Normand, SL.T., Wang, Y. & Krumholz, H.M. Health Serv Outcomes Res Method (2007) 7: 79. doi:10.1007/s10742-006-0018-8
Can administrative claims data, Z, serve as a surrogate for better clinical data, X, when assessing institutional performance? We consider an analysis of I hospitals, each of which involves an adjusted outcome. In the ith hospital, we denote the true association between the outcome and the risk factors using one data source by θi(X), the true association between the outcome and the risk factors using the other data source by γi(Z), and assume we have estimates of each available. Within hospital i, the estimated association parameters are jointly normally distributed such that conditional on γi(Z), a simple linear relationship exists between θi(X) and γi(Z). Methods are illustrated using mortality rates for 181,032 elderly US heart attack patients treated at 4322 hospitals. We find a strong linear relationship between the hospital standardized mortality rates adjusted by risk factors found in administrative claims data and rates adjusted by risk factors found in medical charts (posterior mean [95% interval] for slope: 0.997 [0.965,1.028]). However, the absolute and relative differences between the two sets of rates increase as hospital volume increases. For typically-sized standard deviations of claims-based rates, there is reasonable certainty of quality problems when the hospital’s claims-based rate is 0.72 times or smaller than the national mean or 1.45 times or greater than the national mean. Fewer hospitals are classified as either low-mortality or high-mortality hospitals when using claims-based estimates compared to chart-based estimates.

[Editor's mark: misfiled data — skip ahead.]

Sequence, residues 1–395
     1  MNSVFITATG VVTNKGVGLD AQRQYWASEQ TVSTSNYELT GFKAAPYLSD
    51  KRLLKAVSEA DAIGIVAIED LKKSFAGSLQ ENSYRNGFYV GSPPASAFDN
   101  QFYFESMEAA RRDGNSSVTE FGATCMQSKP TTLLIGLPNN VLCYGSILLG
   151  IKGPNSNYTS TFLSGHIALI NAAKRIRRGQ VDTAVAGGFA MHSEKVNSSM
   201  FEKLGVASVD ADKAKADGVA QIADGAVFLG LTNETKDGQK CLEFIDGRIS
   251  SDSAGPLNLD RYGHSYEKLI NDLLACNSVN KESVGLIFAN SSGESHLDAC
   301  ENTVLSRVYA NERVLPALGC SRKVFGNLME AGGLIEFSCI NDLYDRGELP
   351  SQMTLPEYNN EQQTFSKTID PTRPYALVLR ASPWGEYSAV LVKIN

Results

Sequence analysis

Acute Myocardial infarctionBayesian InferenceHierarchial modelMortalityPredictionQuality of care